Rust, Tatts, and Brilliant Engine Swaps: Billetproof California 2011

Murilee Martin
by Murilee Martin

The rules for the Billetproof show are simple: Nothing newer than 1964, no trailered vehicles, no post-1960s mag wheels, no fenderless cars with independent front suspensions, and— above all— no billet anything! I flew out to California Saturday to check it out.

I’ve been going to these shows for a few years now, and I’m noticing a couple of very positive trends. First, way more engines other than small-block Chevy or Ford Windsor engines in patina’d-out fenderless rods. Even the flathead Ford V8s were getting boring.

Like, say, a Weber-ized Pinto engine.

Or a supercharged Toyota 22R. This one would have the old dudes at a pro-billet car show clutching their chests and toppling off their ice chests. All the Time Out Kids in the world couldn’t make up for the shock of seeing a rice-burning four-banger in a classic Detroit race car.

The Maserati Rod was back, and a big hit as usual… but isn’t it time someone built a ’58 Datsun (license-built Austin A50) with an Infiniti V8?

The other trend that’s so refreshing is the large number of examples of once-shunned-by-rodders marques such as Pontiac and Dodge.

Which is cool, because Pontiacs of this era have the extremely beautiful illuminated-Indian-head hood ornaments.

Though I prefer the Plymouth sailing-ship ornaments.

And where else would you see a 1945 International delivery truck slammed this low?

Even though I longed for a Maltese-cross rear-view mirror on my fenderless banana-seat Schwinn in 1971, I think the Maltese cross thing has been way overdone by now (and we all know who’s to blame). However, this version is still acceptable.

I think I need to start a car club, just so I can design a plaque like this.

It is impossible for me to go to any car-related event in the United States and not run into someone I know from 24 Hours of LeMons racing. Here’s the Model T GT, which is not only the quickest road-race T in the world, it’s also an excellent daily driver. Really, this car gets used for everyday transportation. I ran into members of the legendary Cannonball Bandits and a few other LeMons teams as well.

You can forget about the anorexic standard of beauty outside the gates of Billetproof; once you’re in the show, Bettie Paige and Tura Satana are the models for feminine beauty.

I’m working on a gallery of patina desktop wallpapers, to go with the Junkyard Desktop Wallpaper Collection, and Billetproof provides some great material for that project.

If you’d like to see some of these images in three corroded and/or button-popping dimensions, don your 3D glasses and head over to Cars In Depth.






























Murilee Martin
Murilee Martin

Murilee Martin is the pen name of Phil Greden, a writer who has lived in Minnesota, California, Georgia and (now) Colorado. He has toiled at copywriting, technical writing, junkmail writing, fiction writing and now automotive writing. He has owned many terrible vehicles and some good ones. He spends a great deal of time in self-service junkyards. These days, he writes for publications including Autoweek, Autoblog, Hagerty, The Truth About Cars and Capital One.

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  • Big-Homer Big-Homer on Sep 20, 2011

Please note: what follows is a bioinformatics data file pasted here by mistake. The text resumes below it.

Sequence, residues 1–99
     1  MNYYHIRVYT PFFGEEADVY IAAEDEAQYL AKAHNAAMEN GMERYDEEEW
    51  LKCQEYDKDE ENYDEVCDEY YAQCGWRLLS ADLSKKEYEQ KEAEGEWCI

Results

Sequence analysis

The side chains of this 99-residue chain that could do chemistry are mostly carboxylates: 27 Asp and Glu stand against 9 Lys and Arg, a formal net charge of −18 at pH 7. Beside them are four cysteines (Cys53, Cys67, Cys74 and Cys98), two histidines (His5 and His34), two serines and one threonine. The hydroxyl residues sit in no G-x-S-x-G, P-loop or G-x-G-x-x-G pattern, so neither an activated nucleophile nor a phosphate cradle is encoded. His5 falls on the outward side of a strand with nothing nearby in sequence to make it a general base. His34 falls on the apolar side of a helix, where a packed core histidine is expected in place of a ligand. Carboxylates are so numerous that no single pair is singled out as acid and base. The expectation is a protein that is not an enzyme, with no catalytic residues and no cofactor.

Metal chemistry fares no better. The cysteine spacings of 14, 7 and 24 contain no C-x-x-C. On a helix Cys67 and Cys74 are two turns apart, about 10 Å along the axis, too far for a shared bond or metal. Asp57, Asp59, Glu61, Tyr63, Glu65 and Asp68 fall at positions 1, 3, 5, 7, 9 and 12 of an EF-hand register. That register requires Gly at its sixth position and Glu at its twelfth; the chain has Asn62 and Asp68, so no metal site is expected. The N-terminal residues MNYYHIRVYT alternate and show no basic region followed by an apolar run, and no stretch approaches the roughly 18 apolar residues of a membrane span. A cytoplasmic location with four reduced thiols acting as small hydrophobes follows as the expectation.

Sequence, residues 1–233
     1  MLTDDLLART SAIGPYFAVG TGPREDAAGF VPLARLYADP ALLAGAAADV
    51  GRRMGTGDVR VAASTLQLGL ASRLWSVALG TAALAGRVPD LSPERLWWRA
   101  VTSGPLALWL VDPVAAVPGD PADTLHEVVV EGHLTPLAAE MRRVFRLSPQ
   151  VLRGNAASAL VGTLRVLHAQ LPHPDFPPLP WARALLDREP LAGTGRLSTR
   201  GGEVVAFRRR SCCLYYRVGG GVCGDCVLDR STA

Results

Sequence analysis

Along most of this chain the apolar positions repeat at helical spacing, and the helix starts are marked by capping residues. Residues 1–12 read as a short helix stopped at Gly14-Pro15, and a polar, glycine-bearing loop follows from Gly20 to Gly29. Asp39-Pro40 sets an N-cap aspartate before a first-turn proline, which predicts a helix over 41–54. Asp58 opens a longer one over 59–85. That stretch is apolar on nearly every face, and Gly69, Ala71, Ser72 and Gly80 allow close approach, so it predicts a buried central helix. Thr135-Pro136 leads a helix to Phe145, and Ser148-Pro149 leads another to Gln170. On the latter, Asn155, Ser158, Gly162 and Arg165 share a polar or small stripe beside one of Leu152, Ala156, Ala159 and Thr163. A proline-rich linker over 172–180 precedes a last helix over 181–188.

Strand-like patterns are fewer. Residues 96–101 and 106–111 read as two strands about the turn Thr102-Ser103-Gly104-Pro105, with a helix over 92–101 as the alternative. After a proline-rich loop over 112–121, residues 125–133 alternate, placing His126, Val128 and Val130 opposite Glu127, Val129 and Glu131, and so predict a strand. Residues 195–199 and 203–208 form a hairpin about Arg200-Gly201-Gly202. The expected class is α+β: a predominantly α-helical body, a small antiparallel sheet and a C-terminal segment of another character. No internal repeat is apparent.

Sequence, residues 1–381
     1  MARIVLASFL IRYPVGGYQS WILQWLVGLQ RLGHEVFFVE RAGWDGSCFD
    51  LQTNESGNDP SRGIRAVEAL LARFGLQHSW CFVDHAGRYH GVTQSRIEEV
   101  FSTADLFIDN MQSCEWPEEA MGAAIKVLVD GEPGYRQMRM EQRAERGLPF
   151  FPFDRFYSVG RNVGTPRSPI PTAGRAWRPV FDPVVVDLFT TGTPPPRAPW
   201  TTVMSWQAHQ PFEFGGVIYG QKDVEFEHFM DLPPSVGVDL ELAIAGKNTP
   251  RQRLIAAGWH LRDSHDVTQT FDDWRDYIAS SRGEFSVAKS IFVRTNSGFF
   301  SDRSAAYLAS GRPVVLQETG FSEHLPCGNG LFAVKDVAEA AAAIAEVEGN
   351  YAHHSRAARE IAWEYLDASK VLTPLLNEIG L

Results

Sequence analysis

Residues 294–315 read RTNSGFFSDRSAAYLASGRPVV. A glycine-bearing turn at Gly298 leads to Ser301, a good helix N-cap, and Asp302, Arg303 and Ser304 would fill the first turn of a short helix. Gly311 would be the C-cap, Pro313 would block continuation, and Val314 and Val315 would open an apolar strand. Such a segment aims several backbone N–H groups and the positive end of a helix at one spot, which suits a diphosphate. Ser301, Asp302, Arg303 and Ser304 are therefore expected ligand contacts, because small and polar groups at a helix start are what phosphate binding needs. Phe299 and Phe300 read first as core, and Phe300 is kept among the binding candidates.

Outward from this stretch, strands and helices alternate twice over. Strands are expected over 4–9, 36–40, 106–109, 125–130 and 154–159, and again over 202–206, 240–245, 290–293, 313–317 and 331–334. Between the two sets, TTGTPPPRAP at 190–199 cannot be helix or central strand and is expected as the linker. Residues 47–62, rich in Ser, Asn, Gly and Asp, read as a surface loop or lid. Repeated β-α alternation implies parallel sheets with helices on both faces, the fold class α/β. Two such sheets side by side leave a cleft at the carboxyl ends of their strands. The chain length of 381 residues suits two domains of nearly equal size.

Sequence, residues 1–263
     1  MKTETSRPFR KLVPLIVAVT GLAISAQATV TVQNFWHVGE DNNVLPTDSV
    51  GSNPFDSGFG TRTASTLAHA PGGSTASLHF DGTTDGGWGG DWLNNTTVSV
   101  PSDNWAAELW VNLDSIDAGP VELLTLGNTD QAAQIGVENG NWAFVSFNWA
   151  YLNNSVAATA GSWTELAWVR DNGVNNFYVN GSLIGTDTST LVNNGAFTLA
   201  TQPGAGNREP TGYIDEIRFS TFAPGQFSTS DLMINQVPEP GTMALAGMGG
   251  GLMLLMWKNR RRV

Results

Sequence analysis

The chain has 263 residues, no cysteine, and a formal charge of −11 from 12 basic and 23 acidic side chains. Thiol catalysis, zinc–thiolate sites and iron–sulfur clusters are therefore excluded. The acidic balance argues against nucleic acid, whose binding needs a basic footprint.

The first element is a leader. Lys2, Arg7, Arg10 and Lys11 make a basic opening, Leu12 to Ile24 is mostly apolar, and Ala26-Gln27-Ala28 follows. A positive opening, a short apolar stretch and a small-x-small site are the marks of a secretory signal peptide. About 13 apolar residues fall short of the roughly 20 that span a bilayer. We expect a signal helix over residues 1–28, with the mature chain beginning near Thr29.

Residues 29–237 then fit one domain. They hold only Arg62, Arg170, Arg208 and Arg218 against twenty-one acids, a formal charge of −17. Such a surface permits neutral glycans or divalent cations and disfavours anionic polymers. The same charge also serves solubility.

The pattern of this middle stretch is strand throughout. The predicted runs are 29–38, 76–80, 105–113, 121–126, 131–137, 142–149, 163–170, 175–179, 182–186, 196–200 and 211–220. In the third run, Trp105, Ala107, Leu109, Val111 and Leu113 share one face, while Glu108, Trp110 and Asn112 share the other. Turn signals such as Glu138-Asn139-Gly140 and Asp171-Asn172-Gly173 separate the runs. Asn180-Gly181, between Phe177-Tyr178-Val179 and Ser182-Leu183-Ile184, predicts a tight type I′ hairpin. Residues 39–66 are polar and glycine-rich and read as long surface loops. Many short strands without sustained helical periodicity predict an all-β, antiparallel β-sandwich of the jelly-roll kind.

I want to join the "Murilee Militia" car club. What does the initiation involve? And I need a cool car club plaque to put on the back of the Chevette Stingray!!!

  • Nick Nick on Sep 20, 2011

    What on earth is going on with that green engine? What is it? And what are the leads to the exhausts for?

    • Redmondjp Redmondjp on Sep 21, 2011

      Personally I like odd-colored engines - I got burnt out on car shows 25 years ago (another old Mustang, another old Mustang, and another one, then onto the '55 Chevys, rinse and repeat) so I like seeing vehicles that are unique. The exhaust headers have spark plugs mounted in them, connected to coils on the firewall. I believe this is for flame-throwing - while driving and in gear the engine's ignition is briefly turned off, pumping unburnt air-fuel mixture out the exhaust, where it is then ignited by the spark plugs there. Very impressive at night!

  • ToolGuy "Selling as I got a new car and don't need an extra." ...Well that depends on what new car you chose, doesn't it? 😉
  • El scotto The days of "Be American, buy America" are long gone. Then there's the mental gymnastics of "is a Subaru made in Lafayette, IN more American than something from gm or Ford made in Mexico?" Lastly, it gets down to people's wallets; something cheap on Amazon or Temu will outsell its costlier American-made item. Price not Patriotism sells most items. One caveat: any US candidate should have all of his/her goods made in the USA.
  • FreedMike Well, here's my roster of car purchases since 1981: Three VWsTwo Mazdas (one being a Mercury Tracer, full disclosure)One AudiOne FordOne BuickOne HondaOne Volvo I think I hear Lee Greenwood in the background... In all seriousness, I'd have bought more American cars had they made more of the kinds of cars I like (smaller, performance-oriented).
  • Kwik_Shift_Pro4X I'll gladly support the least "woke" and the most Japanese auto company out there.
  • Jmo2 I just got an email from the dealership where I bought my car and it looks like everything has $5k on the hood.
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